So yeah, I’m not sleeping very well these days, just like when they were babies. I’m constantly second-guessing myself, just like when they were babies. And some days, they seem like they’re actively trying to ruin themselves, just like when they were babies.

They don’t stick their fingers in light sockets any more, but some of the choices they make are just as stupid. And just like “Don’t eat that bug” didn’t make sense to them when they were toddlers, my pearls of wisdom are lost on them at this age, too. They speak English now but they don’t speak Perspective. I probably sound like an adult from a Peanuts cartoon: “Wah wah wah, wah wah, wah.” I want so badly to help them through these tough years, but I can’t. They have to grow up on their own.

I don’t mean to sound negative—this time is very exciting! It’s like when they were learning to walk: they fell down a lot. I wasn’t any less proud of them for it. (Can you imagine? “Get up, you little hobo, learn to walk right!”). It’s worrisome and frustrating, but that’s what kids do when they’re learning to walk. At this age, they’re kids one minute and adults the next, and I love them either way. They make me angry, sure, but they also surprise and delight me with the people they’re becoming.

Last night I went to my son’s apartment—his first—and there he was, living like a starving twenty-something, nothing in the fridge.  He’s working, going to school and barely scraping by. I’m so proud of him I could bust. I’m so worried about him I can’t sleep. He’s right where he’s supposed to be, and I guess is this is probably just how I’m supposed to feel.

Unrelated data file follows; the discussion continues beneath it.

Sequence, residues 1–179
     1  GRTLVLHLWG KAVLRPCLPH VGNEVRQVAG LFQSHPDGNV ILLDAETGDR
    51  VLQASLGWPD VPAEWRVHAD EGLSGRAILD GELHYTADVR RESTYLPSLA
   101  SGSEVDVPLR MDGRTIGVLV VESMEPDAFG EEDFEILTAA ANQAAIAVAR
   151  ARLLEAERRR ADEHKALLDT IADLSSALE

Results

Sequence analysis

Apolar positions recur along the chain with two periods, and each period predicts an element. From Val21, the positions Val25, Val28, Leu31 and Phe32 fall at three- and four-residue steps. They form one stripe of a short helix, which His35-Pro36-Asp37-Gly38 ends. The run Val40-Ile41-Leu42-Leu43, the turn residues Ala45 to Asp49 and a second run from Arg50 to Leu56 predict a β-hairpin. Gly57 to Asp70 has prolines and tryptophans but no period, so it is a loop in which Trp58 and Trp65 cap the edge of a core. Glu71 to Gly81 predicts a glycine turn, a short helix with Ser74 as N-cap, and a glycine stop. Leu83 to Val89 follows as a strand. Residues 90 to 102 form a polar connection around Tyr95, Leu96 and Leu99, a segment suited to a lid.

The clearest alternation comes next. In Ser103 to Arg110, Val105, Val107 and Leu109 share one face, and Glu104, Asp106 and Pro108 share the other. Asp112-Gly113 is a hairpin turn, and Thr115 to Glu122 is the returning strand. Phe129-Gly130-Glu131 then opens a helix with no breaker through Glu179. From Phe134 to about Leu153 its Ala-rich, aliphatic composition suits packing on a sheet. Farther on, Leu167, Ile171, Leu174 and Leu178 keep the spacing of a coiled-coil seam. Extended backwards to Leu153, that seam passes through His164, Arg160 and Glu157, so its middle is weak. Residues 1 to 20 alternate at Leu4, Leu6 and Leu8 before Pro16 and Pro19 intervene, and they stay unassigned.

And today my daughter will graduate. My heart’s all swelled up with tenderness for her. Like when your baby starts to smile and coo—you knew it was coming, and every kid does it, but there’s something so magical and heartwarming when it’s YOUR kid. I know I’m going to lose it when I see her in the cap and gown. I’m excited, terrified, proud, overwhelmed—just like 17 years ago.

Congratulations and good luck to all the graduates in the blogosphere today, and to their parents, too.

Swoony McLovestruck Writes Again

So, if you read my last blog post, you know that I met someone super fantastic and I got all loopy for him. Despite my chronic worrywart headtripping, everything is going great.  I’ve seen the inside of his car, his freezer and his closet, and he has no stash of human heads or carcasses of any kind, even though we met on the interwebs. So far so good.